It was then that she noticed markings in the walls. Scratched into the concrete were the words “GET OUT!” and “Stop the Rain.” written in insane repetitions. Among other such manic messages were bloodstains and the signs of conflict over nearly every inch of the stairwell. She shivered and drew her arms close as she moved down to the surface, reading some of the messages as she went. As she descended the messages grew at least somewhat more cogent. “Denderax was here: 2E 1113” “Death to Pyra”. And then she halted because a dark shape was huddled in one of the corners on the next landing. A huddled mass covered in a heavy hooded coat. It had gold buttons and lapels, now tarnished and raggedly hanging off the heavy leather material over whatever emaciated form was beneath it.

“Hey!” she said, tentative to approach. There was no response.

She did not call a second time. Still, wary of surprises, she gripped the handle of the pistol at the small of her back. She edged closer towards the unmoving coat. Reaching out, she grasped the material and threw the hood back. Revealed was the hollow face of a decayed Skivri, its head lolled over to one side. Small white insects scattered about the heavy black material. She recoiled, but the coat would serve better against the rain than her prison clothes. Black was less conspicuous than neon green anyway.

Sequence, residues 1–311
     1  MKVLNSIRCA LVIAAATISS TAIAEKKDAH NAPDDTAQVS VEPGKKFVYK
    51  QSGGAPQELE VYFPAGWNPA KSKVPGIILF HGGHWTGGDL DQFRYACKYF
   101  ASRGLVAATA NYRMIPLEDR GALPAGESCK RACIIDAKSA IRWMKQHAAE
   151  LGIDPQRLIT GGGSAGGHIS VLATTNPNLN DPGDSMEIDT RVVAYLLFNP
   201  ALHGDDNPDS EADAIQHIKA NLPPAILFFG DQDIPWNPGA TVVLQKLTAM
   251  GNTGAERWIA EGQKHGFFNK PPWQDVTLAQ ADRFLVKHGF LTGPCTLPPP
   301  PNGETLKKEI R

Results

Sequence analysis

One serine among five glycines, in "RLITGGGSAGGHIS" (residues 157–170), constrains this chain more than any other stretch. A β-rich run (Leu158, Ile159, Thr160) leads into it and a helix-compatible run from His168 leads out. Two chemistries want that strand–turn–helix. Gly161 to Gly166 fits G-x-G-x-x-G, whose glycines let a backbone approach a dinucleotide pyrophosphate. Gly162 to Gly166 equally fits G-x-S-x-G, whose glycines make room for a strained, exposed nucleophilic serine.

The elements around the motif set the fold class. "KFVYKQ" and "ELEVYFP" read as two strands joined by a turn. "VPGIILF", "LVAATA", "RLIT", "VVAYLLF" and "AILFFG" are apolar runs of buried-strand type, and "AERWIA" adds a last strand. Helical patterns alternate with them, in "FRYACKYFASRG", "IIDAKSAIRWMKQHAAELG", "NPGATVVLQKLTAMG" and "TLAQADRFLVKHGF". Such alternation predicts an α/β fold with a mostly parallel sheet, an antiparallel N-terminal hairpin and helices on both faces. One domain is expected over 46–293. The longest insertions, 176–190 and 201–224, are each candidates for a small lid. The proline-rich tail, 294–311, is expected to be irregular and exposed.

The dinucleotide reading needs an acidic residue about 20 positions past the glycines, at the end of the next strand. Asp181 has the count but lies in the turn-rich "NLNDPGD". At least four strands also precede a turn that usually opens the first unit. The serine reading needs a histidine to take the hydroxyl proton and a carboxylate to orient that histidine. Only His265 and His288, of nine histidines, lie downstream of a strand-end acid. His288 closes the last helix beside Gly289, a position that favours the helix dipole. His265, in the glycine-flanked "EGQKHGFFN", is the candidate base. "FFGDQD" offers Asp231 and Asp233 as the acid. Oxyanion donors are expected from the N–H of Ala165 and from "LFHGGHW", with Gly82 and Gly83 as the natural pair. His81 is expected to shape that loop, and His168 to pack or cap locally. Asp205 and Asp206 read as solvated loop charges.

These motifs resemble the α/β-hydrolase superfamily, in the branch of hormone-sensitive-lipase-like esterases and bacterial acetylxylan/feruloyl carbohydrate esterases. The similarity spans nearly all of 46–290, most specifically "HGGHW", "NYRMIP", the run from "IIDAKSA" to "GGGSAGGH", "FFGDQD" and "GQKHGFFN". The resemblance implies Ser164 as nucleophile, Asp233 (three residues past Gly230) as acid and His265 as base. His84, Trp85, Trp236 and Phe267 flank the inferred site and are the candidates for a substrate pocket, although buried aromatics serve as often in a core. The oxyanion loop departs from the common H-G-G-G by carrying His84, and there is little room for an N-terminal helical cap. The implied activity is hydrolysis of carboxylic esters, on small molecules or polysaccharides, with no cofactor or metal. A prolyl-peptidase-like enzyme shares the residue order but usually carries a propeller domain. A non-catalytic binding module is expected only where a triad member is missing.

She carefully removed the coat from the Skivri’s body, now only a stiff exoskeletal form. She shook off as many of the white bugs as she could. A pair of objects fell from the jacket. One was a bright yellow torch and the other was a canteen which clattered loudly to the landing. Nearly empty. She wrapped herself in the clothes of the dead being and pocketed the objects. The Skivri had been swimming in the coat, but it hung down to about the calves on her human frame. Pushing the thought of greasy dead Skivri juices out of her mind, she descended the rest of the way with the light from the torch, little more than a glow-stick on a small handle. The skeleton of her benefactor was left bare on the landing above.